Stanley Boxer (1926-May 8, 2000) was an American artist best known for thickly painted abstract works of art. He was also an accomplished sculptor and printmaker.
Boxer was born in New York City, and began his formal education after World War II, when he left the Navy and studied at the Art Students League of New York. He drew, painted, made prints, and sculpted. His work was recognized by art critic Clement Greenberg, who categorized him as a color field painter, a designation which Boxer rejected. Art critic Grace Glueck wrote "Never part of a movement or trend, though obviously steeped in the language of Modernism, the abstract painter Stanley Boxer was a superb manipulator of surfaces, intensely bonding texture and color."
Boxer offered an explanation of his philosophy and working process:
In the manufacture of my art, I use anything and everything which gets the job done without any sentiment or sancity as to medium. Then, too, I have deliberately made a practice of being "visionless" ... this is, I go where my preceding art takes me, and never try to redirect the future as to what my art should look like. This is a general credo and foundation for everything I have ever done and stands firm in its solidity as this is written.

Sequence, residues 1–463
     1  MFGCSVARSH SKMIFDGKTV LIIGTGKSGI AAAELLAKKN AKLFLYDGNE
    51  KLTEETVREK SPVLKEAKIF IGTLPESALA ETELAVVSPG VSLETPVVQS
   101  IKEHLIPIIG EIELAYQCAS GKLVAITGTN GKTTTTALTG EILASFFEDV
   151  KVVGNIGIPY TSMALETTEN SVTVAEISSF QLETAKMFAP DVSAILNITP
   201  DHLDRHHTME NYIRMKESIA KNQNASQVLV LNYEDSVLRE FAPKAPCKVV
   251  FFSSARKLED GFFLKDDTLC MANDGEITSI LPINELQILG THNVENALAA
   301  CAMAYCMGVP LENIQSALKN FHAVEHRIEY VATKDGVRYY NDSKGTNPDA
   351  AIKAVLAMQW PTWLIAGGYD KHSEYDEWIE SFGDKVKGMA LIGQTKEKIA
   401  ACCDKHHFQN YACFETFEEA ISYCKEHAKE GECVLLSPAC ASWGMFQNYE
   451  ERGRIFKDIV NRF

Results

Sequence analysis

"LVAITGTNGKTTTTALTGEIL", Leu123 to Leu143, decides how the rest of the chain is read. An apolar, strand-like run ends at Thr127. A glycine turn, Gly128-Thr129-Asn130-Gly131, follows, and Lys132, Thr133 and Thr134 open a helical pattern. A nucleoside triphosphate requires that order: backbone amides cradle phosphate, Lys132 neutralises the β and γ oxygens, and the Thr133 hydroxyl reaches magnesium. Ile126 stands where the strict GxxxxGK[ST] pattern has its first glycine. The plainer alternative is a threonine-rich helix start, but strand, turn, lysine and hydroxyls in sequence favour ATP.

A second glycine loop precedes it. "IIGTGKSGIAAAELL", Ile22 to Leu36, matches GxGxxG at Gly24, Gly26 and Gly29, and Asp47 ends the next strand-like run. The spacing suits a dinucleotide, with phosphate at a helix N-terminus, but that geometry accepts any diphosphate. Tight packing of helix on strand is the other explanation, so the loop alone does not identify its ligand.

In 1953 Boxer had his first solo exhibition of paintings in New York City, and showed regularly thereafter until his death. His paintings and sculpture were represented in New York City during the late 1960s through 1974 by the Tibor de Nagy Gallery, then by the André Emmerich Gallery from 1975 until 1993, and finally by Salander-O'Reilly Galleries until its demise in 2007 .
Richard Waller, director of the University of Richmond's Harnett Museum of Art, describes his evolution as an artist:
You can see the shift from working with figurative imagery in the 1940s and early '50s to abstraction in the late '50s. The abstraction in the late '60s and '70s was more derived from color-field issues. In the 1980s, Boxer really hit his stride in larger works with lots of thick paint and splashes of color. He sold a lot, and his success in the art world in the 1980s gave him the freedom to do what he wanted to do most.
One man museum exhibitions were held at the Rose Art Museum and the Butler Institute of American Art. His work is included in the permanent collections of numerous museums, including the Metropolitan Museum of Art, the Tate Gallery, the Museum of Modern Art and the Whitney Museum of American Art in New York, the Hirshhorn Museum in Washington, and the Boston Museum of Fine Art.
Boxer received a Guggenheim Fellowship in 1975 and a National Endowment for the Arts Visual Artists Fellowship Grant in 1989. In 1993 he was elected as a full member to the National Academy of Design.
Boxer died May 8, 2000 in Pittsfield, Massachusetts. He was 73 years old. According to Boxer's wife of 49 years, the artist Joyce Weinstein, Boxer created more than 7,000 drawings, paintings, and sculptures, about 700 of which were part of his estate at the time of his death.